4.3. Implications for Coastal Protection

It must be stressed that the studied area is not a high-wave energy environment, due to the aforementioned limited fetches. As pointed out by several authors [57,122,123] in areas of large wave energy, the effectiveness of seagrass meadows as a coastal protection measure is reduced because large storms generate a decline in meadow density. This is due to the high level of sediment movement generated by large wave energy, which exposes seagrass to considerable erosion with subsequent exposure of roots and rhizomes [124]. In addition, as pointed out by other authors [125,126], the shelter of seedlings plays an important role in the success of restauration. In our case, the studied area can be considered a medium-wave energy environment (95% of sea states with Hs ≤ 2 m, as indicated in Section 3) and, for this reason, the coastal protection provided by the meadow is greater than in more energetic coastal regions.
Therefore, although some of the parameters used to characterize the meadow are conservative and the model tends to overpredict wave heights, so that the obtained results may be considered a lower bound of what might be expected, significant wave damping can be achieved by using seagrass meadows in coastal zones with limited wave energy but placing them in areas where the submergence ratio is relatively large (greater than 0.1). Thus, as shown in this study, the annual average amount of wave energy reaching coastal areas can be reduced by such meadows and, hence, beach erosion and flooding decreased.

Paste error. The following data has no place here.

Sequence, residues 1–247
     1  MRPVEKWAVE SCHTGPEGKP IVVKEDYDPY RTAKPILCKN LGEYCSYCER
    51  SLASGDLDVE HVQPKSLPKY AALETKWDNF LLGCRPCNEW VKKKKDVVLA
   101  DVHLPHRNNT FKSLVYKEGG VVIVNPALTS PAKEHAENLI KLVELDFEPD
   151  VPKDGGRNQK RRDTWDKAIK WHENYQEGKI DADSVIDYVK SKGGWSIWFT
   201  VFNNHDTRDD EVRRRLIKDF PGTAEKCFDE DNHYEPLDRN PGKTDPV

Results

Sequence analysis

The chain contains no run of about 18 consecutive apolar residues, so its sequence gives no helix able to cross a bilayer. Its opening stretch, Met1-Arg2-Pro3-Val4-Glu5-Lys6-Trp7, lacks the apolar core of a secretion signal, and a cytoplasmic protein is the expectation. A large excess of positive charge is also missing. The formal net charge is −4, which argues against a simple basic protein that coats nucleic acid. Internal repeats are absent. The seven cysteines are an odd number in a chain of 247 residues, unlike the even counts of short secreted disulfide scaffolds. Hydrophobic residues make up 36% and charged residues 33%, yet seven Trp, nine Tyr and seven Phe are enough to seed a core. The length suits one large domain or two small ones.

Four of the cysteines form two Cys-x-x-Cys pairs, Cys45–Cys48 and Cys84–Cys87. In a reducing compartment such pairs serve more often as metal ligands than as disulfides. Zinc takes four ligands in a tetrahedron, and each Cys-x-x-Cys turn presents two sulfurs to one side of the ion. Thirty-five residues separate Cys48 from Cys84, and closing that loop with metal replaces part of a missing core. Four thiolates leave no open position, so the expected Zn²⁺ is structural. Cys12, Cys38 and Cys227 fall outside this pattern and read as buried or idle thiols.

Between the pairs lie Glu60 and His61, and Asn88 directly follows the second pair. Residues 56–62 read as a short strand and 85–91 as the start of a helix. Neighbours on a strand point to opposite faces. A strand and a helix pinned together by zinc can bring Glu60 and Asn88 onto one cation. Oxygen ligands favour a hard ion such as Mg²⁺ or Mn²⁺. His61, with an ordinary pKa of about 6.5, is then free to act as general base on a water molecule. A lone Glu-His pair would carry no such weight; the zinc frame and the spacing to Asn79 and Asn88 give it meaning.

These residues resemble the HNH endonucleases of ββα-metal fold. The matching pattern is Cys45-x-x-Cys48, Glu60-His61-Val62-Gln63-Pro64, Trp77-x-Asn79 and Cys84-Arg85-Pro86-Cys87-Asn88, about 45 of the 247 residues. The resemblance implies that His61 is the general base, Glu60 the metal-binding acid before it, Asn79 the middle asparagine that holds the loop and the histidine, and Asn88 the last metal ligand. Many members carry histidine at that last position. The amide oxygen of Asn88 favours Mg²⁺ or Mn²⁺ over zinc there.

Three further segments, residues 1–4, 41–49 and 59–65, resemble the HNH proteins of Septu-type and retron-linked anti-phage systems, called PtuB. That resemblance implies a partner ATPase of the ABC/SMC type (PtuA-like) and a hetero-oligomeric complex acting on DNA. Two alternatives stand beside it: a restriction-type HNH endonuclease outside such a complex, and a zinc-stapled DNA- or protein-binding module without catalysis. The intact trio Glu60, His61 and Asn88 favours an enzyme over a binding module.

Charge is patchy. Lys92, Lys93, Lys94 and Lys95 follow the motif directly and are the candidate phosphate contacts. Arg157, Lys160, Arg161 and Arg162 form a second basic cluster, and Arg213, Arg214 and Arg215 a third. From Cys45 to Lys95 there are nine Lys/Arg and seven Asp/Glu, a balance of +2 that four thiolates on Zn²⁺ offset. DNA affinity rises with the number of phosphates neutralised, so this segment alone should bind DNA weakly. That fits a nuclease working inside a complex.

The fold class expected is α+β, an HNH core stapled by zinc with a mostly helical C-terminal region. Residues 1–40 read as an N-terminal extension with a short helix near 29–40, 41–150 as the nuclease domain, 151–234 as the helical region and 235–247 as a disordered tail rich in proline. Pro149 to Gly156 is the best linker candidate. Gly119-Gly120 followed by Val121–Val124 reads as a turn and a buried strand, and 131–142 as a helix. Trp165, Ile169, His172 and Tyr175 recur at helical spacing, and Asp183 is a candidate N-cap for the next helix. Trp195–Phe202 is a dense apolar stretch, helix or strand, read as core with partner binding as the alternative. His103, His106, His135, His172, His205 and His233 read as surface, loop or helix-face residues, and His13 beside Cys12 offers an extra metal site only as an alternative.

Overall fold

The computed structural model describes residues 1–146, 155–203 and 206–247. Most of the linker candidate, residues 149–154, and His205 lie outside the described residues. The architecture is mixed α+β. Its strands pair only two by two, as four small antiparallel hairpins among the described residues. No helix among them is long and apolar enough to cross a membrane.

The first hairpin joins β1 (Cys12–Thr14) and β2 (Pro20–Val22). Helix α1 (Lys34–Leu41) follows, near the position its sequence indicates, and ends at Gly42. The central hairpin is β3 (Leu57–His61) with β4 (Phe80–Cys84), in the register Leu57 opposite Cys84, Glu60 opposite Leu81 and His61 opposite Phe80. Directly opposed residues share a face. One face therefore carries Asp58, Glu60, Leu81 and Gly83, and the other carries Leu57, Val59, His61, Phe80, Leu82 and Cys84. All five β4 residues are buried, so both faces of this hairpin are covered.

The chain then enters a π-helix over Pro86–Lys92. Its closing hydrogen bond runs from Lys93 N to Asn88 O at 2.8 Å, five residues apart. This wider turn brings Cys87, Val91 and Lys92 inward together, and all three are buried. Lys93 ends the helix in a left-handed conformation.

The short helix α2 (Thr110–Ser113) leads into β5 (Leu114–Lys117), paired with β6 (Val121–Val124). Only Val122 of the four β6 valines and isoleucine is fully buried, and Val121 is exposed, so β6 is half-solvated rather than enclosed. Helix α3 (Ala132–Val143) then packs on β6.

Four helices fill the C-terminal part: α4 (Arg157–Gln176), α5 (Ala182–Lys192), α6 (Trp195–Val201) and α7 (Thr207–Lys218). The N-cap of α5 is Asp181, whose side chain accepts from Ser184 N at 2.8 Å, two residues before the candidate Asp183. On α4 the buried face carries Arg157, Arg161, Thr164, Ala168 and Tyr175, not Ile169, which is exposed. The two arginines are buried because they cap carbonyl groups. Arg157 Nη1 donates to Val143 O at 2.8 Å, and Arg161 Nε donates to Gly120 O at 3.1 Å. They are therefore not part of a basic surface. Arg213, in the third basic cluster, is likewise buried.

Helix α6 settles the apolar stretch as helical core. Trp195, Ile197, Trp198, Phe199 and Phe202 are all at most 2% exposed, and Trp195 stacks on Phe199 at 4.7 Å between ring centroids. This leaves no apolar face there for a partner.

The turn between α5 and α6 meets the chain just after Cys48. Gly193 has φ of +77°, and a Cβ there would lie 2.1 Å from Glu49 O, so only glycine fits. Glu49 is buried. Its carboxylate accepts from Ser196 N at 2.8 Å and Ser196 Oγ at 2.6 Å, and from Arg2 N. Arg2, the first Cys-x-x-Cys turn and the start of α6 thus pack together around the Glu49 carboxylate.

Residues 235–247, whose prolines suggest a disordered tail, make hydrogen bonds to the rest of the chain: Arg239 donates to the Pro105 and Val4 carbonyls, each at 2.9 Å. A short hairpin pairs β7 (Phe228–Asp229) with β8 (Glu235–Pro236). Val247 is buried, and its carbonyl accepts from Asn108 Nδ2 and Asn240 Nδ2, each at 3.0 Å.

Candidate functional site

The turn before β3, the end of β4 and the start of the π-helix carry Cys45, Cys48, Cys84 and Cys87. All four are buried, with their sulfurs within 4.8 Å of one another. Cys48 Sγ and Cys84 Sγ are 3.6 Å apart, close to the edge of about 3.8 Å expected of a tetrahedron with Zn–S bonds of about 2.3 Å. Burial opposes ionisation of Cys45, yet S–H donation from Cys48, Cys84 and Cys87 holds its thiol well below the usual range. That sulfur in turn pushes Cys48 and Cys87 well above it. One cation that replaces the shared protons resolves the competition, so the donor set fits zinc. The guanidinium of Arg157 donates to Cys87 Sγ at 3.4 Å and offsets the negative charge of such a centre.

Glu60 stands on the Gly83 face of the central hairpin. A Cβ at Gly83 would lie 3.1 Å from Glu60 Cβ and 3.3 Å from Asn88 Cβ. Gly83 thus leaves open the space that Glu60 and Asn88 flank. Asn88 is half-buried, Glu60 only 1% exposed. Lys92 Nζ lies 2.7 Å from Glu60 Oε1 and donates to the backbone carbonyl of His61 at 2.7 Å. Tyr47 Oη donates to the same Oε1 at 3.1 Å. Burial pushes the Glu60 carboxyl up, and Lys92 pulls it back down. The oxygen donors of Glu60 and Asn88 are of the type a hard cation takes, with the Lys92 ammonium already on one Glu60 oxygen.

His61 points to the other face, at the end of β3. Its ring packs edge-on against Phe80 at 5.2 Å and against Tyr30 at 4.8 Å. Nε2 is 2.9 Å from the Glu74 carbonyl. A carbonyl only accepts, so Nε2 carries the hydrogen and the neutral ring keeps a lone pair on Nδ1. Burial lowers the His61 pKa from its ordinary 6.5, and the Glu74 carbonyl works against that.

Taking into account the previous considerations, we can conclude that seagrass meadows may be an effective littoral protection measure and it is worth considering them in coastal defense projects.
As indicated above, the use of seagrass as a coastal protection measure requires the conservation, restoration or creation of new seagrass meadows. Although seagrass rehabilitation has failed in some cases due to a variety of factors [127,128,129,130], recent successful projects have demonstrated that active restoration facilitates the recovery of seagrass meadows [126,130,131,132,133,134,135,136]. Consequently, in fetch-limited areas where the wave energy is limited and where the environmental conditions allow the restoration or implantation of seagrass meadows, coastal managers should consider its use as a coastal protection measure. In this way, the methodology described here can be a useful tool for coastal stakeholders to help them in the design of seagrass meadows with the aim of coastal protection. In addition, a project focused on the use of seagrass for coastal defense could consider more scenarios, so that the wider variety of meadow typologies and configurations analyzed could increase the probability of success.
The study should be completed with a cost-benefit analysis. This analysis is not addressed in this case due to the difficulty of assessing the value of all ecosystem services provided by the seagrass meadow. Anyway, in the long term, as pointed out by different authors [21,22], the lower maintenance costs associated with NBS with respect to conventional engineering alternatives plus the additional (besides coastal protection) ecosystem services that they provide, make it very likely that the benefits using seagrass meadows as a coastal defense measure far exceed their costs. Finally, seagrass meadows can contribute to climate change mitigation through carbon sequestration and, in contrast to artificial structures, they may naturally adapt to climate change maintaining their coastal protection function [137].